I feel like I had a busy day.
I went to work at 6:45, left at 8:45am,
went to training from 11-2,
and went back to work from 3:30-6:45pm.
Now I have a meeting on Monday and Jury Duty for the rest of next week, except for Friday, which I will be at work.
Healthier Banana Crumb Muffins
- 1 1/2 cups all-purpose flour
- 1 teaspoon baking soda
- 1 teaspoon baking powder
- 1/2 teaspoon salt
- 4 bananas, mashed
- 1/4 cup white sugar
- 1 egg, lightly beaten
- 1/3 cup butter, melted
- 1/3 cup packed brown sugar
- 2 tablespoons all-purpose flour
- 1/8 teaspoon ground cinnamon
- 1 tablespoon butter
- Preheat oven to 375 degrees F (190 degrees C). Lightly grease 10 muffin cups or line with muffin papers.
- Mix 1 1/2 cups flour, baking soda, baking powder, and salt in a large bowl. Beat bananas, sugar, egg, and melted butter in another bowl. Stir banana mixture into flour mixture just until moistened. Spoon batter into prepared muffin cups.
- Combine brown sugar, 2 tablespoons flour, and cinnamon in a small bowl. Blend in 1 tablespoon butter until mixture resembles coarse cornmeal. Sprinkle topping over muffins.
- Bake in preheated oven until golden and tops spring back when lightly pressed, 18 to 20 minutes.
Phobias may be memories passed down in genes from ancestors
Memories may be passed down through generations in DNA in a process that may be the underlying cause of phobias
Memories can be passed down to later generations through genetic switches that allow offspring to inherit the experience of their ancestors, according to new research that may explain how phobias can develop. Scientists have long assumed that memories and learned experiences built up during a lifetime must be passed on by teaching later generations or through personal experience. However, new research has shown that it is possible for some information to be inherited biologically through chemical changes that occur in DNA. Researchers at the Emory University School of Medicine, in Atlanta, found that mice can pass on learned information about traumatic or stressful experiences – in this case a fear of the smell of cherry blossom – to subsequent generations. The results may help to explain why people suffer from seemingly irrational phobias – it may be based on the inherited experiences of their ancestors. (via Phobias may be memories passed down in genes from ancestors - Telegraph)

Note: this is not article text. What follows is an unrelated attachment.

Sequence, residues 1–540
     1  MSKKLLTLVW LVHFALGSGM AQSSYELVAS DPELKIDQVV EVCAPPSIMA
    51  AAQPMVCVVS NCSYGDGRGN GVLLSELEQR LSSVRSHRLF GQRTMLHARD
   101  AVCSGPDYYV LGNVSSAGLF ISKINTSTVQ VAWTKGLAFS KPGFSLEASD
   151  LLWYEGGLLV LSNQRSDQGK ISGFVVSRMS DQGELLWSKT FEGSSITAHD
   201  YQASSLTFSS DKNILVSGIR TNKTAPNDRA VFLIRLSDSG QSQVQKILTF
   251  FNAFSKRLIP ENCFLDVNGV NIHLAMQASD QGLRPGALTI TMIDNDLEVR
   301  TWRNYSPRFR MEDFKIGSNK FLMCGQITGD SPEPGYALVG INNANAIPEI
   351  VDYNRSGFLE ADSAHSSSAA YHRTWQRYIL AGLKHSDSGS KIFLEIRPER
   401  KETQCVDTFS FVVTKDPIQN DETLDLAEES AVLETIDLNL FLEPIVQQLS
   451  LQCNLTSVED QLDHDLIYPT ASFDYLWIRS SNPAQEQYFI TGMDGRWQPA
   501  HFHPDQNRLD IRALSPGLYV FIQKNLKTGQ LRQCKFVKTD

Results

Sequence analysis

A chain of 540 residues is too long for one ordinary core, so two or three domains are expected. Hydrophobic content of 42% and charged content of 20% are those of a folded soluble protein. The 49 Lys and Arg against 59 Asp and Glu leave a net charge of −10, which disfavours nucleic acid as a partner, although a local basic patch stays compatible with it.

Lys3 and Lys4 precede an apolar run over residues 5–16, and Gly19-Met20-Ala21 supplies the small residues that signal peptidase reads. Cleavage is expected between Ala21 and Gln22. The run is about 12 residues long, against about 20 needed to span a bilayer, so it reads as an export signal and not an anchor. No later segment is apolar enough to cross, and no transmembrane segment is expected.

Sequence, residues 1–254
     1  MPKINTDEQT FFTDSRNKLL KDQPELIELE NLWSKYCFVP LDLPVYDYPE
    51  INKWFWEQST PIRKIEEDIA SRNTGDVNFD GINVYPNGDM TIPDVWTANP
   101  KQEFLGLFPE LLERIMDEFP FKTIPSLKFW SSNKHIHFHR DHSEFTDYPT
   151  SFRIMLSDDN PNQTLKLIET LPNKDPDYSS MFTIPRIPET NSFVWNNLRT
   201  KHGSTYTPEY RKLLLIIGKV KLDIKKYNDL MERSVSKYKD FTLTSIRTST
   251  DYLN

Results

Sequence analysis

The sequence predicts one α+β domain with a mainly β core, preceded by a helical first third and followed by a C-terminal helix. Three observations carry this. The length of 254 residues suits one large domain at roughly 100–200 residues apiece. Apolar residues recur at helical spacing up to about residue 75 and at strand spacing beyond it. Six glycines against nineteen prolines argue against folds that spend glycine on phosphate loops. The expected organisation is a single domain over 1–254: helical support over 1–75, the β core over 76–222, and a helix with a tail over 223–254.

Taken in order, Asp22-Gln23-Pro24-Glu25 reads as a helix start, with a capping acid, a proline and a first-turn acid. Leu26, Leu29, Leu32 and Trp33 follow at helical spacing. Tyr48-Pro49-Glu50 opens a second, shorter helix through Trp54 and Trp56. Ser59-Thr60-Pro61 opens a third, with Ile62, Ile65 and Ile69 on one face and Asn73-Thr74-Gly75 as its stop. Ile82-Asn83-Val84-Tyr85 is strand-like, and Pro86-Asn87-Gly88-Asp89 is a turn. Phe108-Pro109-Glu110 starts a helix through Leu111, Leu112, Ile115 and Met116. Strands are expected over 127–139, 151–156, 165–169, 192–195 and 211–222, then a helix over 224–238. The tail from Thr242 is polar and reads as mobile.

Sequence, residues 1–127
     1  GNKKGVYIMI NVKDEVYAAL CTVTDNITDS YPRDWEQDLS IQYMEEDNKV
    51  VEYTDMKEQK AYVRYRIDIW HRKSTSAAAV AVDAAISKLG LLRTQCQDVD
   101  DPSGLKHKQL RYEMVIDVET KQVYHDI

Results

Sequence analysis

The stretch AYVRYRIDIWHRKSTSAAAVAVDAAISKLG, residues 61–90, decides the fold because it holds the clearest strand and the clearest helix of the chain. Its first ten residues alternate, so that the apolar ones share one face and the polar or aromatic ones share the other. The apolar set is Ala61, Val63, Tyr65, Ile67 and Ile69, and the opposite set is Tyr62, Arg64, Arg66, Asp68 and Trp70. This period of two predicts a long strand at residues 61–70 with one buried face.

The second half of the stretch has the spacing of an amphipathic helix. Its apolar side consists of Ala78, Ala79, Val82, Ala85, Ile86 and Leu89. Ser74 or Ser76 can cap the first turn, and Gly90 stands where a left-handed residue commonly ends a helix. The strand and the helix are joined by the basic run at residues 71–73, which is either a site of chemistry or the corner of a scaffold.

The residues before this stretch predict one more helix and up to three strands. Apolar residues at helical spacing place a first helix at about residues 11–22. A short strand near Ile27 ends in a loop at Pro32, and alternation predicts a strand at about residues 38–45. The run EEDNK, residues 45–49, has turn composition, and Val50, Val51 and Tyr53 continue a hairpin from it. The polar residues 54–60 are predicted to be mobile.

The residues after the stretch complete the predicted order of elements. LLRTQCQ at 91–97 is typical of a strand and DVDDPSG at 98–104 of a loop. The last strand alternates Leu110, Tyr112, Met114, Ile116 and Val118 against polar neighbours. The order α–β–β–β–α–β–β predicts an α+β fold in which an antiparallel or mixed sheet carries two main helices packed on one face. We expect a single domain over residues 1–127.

Is this Assassin’s Creed?
"Youths are passed through schools that don’t teach, then forced to search for jobs that don’t exist and finally left stranded in the street to stare at the glamorous lives advertised around them."
So one of my children is adopted. He asked me if he was adopted and I blatantly avoided the question by saying does it matter, why would you want to be with people who don’t love you or don’t want you or can’t even take care of you? We’ve had him since he was practically a baby so I don’t even…
Probably anywhere from birth to 5 years old tbh…
Yes, children may know or have an idea on whether they have been adopted or not. If there were no new born pictures of them, if they don’t share your features, or they and their biologicals had different mentalities than you and yours do; those will be obvious signs to any child who is questioning why they may be ‘different’.
I believe it is important to let adopted children explore their roots. It does not mean that they will love you any less, but it may allow them to better understand themselves. Even with adoption at a young age, children still take on characteristics of their biological parents. Simply tell them the truth, don’t sugar coat it, and avoid making anyone seem like ‘the bad guy’. Let them decide on their own, WITH your support, on what to do with the information. Also, always encourage them to bless their biologicals instead of cursing them, after all, if it wasn’t for them, they wouldn’t have YOU! :)